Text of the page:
On ACA’s 13th anniversary, White House launches two-pronged approach to defend it
President Biden joined past and present leaders in Congress and health care advocates throughout the country this week in marking the 13th anniversary of the Affordable Care Act (ACA).
The White House’s celebration of the ACA’s birthday on Thursday was a two-pronged effort that focused both on the law’s success – more Americans have access to health care than ever before – and on threats to its well-being. Although Republicans in Congress have yet to release a formal budget and probably won’t do so for at least another month, one proposal backed by some members of the House Freedom Caucus would repeal and ACA and cripple Medicaid.
Meanwhile, on Thursday, North Carolina legislators gave final passage to a Medicaid expansion effort, and North Carolina’s governor plans to sign the measure. Forty states have now opted for Medicaid expansion. (Thirty-eight states have implemented expansion; South Dakota will do so on July 1, and the North Carolina law is expected to take effect after lawmakers agree on a state budget, which could happen as early as this summer.) The expanded Medicaid program now reaches about 20 million people who would otherwise almost certainly be uninsured.
Thursday began with the White House extolling the virtues of the ACA, with a particular focus on the two years that President Biden has been in office.
Twice during Biden’s tenure, Congress has acted to significantly lower health care costs for Americans and increase coverage. The first time was with passage of the American Rescue Plan in March 2021. The second time was last fall, with passage of the Inflation Reduction Act.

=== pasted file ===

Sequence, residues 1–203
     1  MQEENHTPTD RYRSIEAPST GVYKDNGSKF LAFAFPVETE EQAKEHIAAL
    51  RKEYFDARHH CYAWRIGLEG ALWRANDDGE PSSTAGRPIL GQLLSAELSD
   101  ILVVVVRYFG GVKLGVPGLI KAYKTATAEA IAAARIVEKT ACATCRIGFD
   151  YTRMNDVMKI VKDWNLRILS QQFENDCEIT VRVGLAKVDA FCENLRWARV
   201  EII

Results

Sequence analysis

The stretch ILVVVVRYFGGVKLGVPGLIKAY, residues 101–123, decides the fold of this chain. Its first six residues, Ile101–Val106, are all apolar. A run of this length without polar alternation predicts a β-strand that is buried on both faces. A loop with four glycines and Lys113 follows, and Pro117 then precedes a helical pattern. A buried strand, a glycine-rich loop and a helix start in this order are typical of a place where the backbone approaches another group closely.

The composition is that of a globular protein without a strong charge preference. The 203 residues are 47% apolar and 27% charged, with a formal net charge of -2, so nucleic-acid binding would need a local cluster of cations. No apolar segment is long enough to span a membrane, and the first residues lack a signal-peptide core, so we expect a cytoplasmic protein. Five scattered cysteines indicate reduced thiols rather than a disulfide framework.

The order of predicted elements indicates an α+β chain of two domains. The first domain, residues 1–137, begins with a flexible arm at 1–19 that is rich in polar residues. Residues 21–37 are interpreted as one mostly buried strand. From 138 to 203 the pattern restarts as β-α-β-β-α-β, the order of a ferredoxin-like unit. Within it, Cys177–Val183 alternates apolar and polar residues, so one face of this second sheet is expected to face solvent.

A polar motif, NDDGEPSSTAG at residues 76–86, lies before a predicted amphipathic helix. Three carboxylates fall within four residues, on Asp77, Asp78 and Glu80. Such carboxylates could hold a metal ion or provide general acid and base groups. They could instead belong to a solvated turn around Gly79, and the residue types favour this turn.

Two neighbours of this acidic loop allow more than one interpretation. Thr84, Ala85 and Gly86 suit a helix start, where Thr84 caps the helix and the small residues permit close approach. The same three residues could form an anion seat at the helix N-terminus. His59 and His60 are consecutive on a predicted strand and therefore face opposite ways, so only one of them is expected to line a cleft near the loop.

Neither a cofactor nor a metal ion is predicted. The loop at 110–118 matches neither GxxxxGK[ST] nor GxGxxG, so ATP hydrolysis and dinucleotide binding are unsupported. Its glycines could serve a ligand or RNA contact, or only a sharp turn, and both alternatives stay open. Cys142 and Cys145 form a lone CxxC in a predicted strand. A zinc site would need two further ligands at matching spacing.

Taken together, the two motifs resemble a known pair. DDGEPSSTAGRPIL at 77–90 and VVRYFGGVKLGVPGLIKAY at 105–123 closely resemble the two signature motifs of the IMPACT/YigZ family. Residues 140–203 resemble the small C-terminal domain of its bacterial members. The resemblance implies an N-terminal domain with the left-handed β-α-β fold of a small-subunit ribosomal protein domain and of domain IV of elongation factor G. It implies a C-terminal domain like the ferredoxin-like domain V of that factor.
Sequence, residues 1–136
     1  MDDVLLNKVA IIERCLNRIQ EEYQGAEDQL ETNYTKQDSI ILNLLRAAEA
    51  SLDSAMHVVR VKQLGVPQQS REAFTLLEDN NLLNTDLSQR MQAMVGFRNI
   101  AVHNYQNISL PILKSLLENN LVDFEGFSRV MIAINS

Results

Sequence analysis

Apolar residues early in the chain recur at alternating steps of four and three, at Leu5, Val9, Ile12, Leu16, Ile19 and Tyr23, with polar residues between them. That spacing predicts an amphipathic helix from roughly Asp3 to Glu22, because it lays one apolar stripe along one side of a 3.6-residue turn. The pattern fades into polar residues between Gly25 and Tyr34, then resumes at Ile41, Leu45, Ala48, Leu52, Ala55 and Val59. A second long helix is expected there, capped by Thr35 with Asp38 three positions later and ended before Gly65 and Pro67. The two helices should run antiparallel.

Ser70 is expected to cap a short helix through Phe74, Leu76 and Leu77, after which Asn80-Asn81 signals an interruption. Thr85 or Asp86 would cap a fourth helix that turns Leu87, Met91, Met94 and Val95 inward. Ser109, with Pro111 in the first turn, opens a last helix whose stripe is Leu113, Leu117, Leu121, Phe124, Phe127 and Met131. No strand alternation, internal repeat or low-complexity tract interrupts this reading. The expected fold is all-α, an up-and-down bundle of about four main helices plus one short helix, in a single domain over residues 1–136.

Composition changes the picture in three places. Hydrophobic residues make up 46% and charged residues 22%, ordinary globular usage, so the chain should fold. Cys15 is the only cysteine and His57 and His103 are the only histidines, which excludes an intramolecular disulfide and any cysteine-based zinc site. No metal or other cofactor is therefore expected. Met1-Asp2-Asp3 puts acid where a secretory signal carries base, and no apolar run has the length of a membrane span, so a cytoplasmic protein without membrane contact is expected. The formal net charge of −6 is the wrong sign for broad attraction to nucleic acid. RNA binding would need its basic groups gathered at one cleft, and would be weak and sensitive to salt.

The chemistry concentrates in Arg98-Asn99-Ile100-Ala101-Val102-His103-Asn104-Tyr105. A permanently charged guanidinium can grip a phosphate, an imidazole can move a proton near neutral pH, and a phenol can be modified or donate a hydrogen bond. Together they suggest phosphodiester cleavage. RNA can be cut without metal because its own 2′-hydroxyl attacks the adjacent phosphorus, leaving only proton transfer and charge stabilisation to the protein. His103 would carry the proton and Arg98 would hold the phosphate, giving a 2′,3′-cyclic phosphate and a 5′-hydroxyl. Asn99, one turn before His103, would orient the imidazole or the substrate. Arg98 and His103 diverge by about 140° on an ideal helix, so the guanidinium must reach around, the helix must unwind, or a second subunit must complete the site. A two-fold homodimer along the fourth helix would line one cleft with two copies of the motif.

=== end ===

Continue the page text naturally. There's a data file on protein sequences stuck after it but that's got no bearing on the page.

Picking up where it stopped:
Since 2014, when HealthCare.gov was launched, enrollment has doubled from 8 million to more than 16 million, Biden Administration officials say. Nearly 16.4 million consumers chose or were automatically re-enrolled in health insurance coverage through ACA marketplaces this year – an all-time record. Indeed, enrollment consistently has increased during the Biden era, with 1.8 million more consumers signing up for coverage during the 2023 open enrollment compared to the previous year, a 13 percent increase, and nearly 4.4 million more consumers signing up in 2023 compared to the 2021 open enrollment, a 36 percent increase.
It did not happen by accident.
The Biden Administration invested $98.9 million in “navigators,” basically messengers who could help consumers navigate the ACA marketplaces during 2023 open enrollment. These navigators particularly were tasked with reaching audiences that experience lower access to health care. For example, the Administration partnered with cultural marketing experts to connect more people to resources, including Blacks, Spanish and English-speaking Latinos, and Asian American and Pacific Islander communities in multiple languages. In addition, the Biden Administration’s commitment to expanding the number of people with health insurance led them to hold more and longer open enrollment periods, and to advertise them.
More people wanted to enroll because the ACA insurance was increasingly a very good deal. Due to passage of subsidies included in the American Rescue Plan, marketplace participants are saving an average of nearly $800 annually on their premiums – meaning more people can afford marketplace coverage in the first place. The Administration estimates that 4.6 million people are receiving this type of financial assistance in 2023 than were in 2021. Indeed, 90 percent of people selecting plans through the marketplace are receiving help to pay for premiums.